An April 15 press tour took journalists to the Israeli side of the Jordan River. Joshua and the Israelites made their crossing here. (photo by Gil Zohar)
Seventeen bulletproof buses of pilgrims, plus one carrying journalists, spilled their contents April 15 at Qasr al-Yahud (Arabic for the Jews’ Castle) on the muddy banks of the not-so-mighty Jordan River, 10 kilometres east of Jericho. The buses were provided by the Government Press Office in Jerusalem.
The holy site is also called the Land of Monasteries because of the seven Catholic, Greek Orthodox and Ethiopian churches there. Until 2011, it was a fenced-off, closed military zone ringed by minefields. Qasr al-Yahud is revered by Christians as the place where John the Baptist immersed his second cousin, Jesus of Nazareth.
For Jews, the shrine marks where, on Nissan 10, circa 1290 BCE, Joshua bin Nun led the Children of Israel to ford the Jordan River and begin their conquest of the Promised Land. But, with the cold peace prevailing between Israel and Jordan, soldiers of the Hashemite Kingdom’s Arab Legion warily monitored the crowds, making sure that no brave souls crossed to the polluted stream’s east bank to reenact Joshua’s miraculous crossing on dry land.
As Joshua and the 12 tribes approached the river, they were met by the kohanim (priests) carrying the Ark of the Covenant. The Jordan then miraculously split for them – perhaps caused by a landslide in the earthquake-prone region that temporarily blocked the river’s flow – allowing them to cross. After fording the Jordan, Joshua erected 12 stones taken from the river at Gilgal, whose location today is disputed by historians and archeologists.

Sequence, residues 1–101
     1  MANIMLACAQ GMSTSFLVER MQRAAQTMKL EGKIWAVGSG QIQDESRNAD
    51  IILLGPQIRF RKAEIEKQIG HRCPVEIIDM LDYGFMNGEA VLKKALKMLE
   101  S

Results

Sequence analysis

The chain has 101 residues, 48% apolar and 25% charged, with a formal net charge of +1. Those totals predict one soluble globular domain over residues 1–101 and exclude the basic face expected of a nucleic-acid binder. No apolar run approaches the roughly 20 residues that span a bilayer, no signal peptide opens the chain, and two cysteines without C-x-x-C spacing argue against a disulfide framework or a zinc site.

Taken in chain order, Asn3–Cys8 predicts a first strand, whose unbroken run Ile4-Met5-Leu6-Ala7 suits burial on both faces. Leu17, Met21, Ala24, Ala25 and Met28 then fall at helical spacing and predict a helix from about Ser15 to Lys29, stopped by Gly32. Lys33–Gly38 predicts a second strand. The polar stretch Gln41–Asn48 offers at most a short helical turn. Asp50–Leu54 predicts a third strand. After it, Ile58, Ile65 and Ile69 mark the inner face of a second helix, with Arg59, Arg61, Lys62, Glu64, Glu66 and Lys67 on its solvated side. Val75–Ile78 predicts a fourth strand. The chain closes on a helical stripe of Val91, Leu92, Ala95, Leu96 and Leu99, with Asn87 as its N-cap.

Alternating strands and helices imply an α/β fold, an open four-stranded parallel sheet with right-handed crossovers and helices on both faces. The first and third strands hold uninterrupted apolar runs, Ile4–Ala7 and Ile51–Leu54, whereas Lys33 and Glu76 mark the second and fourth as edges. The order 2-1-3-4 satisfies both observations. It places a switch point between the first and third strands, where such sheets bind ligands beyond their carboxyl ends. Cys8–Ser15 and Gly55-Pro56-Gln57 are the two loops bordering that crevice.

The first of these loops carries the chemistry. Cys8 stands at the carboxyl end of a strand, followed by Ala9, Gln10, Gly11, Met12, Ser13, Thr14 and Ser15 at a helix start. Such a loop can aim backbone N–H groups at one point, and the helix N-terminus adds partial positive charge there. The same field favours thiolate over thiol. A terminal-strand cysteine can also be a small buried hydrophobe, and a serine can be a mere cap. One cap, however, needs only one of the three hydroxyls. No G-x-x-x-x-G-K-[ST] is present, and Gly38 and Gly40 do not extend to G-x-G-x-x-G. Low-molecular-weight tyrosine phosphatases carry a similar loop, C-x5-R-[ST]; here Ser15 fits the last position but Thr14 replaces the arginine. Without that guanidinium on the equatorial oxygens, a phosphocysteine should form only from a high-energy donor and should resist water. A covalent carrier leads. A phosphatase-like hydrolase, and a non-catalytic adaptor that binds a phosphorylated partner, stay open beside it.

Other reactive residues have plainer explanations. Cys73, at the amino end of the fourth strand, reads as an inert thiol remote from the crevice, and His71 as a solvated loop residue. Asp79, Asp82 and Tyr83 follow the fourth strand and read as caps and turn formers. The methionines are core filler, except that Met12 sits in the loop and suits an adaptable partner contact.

Symbolizing that the process of the Israelites conquering the Promised Land some 3,289 years ago is still underway, Palestinian teenagers in Jericho pelted the armoured bus in which the journalists were riding, smashing one of the shatterproof windows. No one was injured in the attack.
For this writer, the explosive sound of the thump of the rock on glass brought to mind Joshua’s advice when the Israelites marched on ancient Jericho to begin their conquest: “Be strong and of good courage.” (Joshua 1:9)
Qasr al-Yahud is a corruption of “the Jews’ break,” traditionally the place where the Israelites crossed over, that is, “broke” the Jordan River after their 40 years of wandering in the Sinai Desert: “When the soles of the feet of the priests who bear the ark of the Lord, the Lord of all the earth, shall rest in the waters of the Jordan, that the waters of the Jordan shall be cut off, even the waters that come down from above, and they shall stand in one heap.” (Joshua 3:13)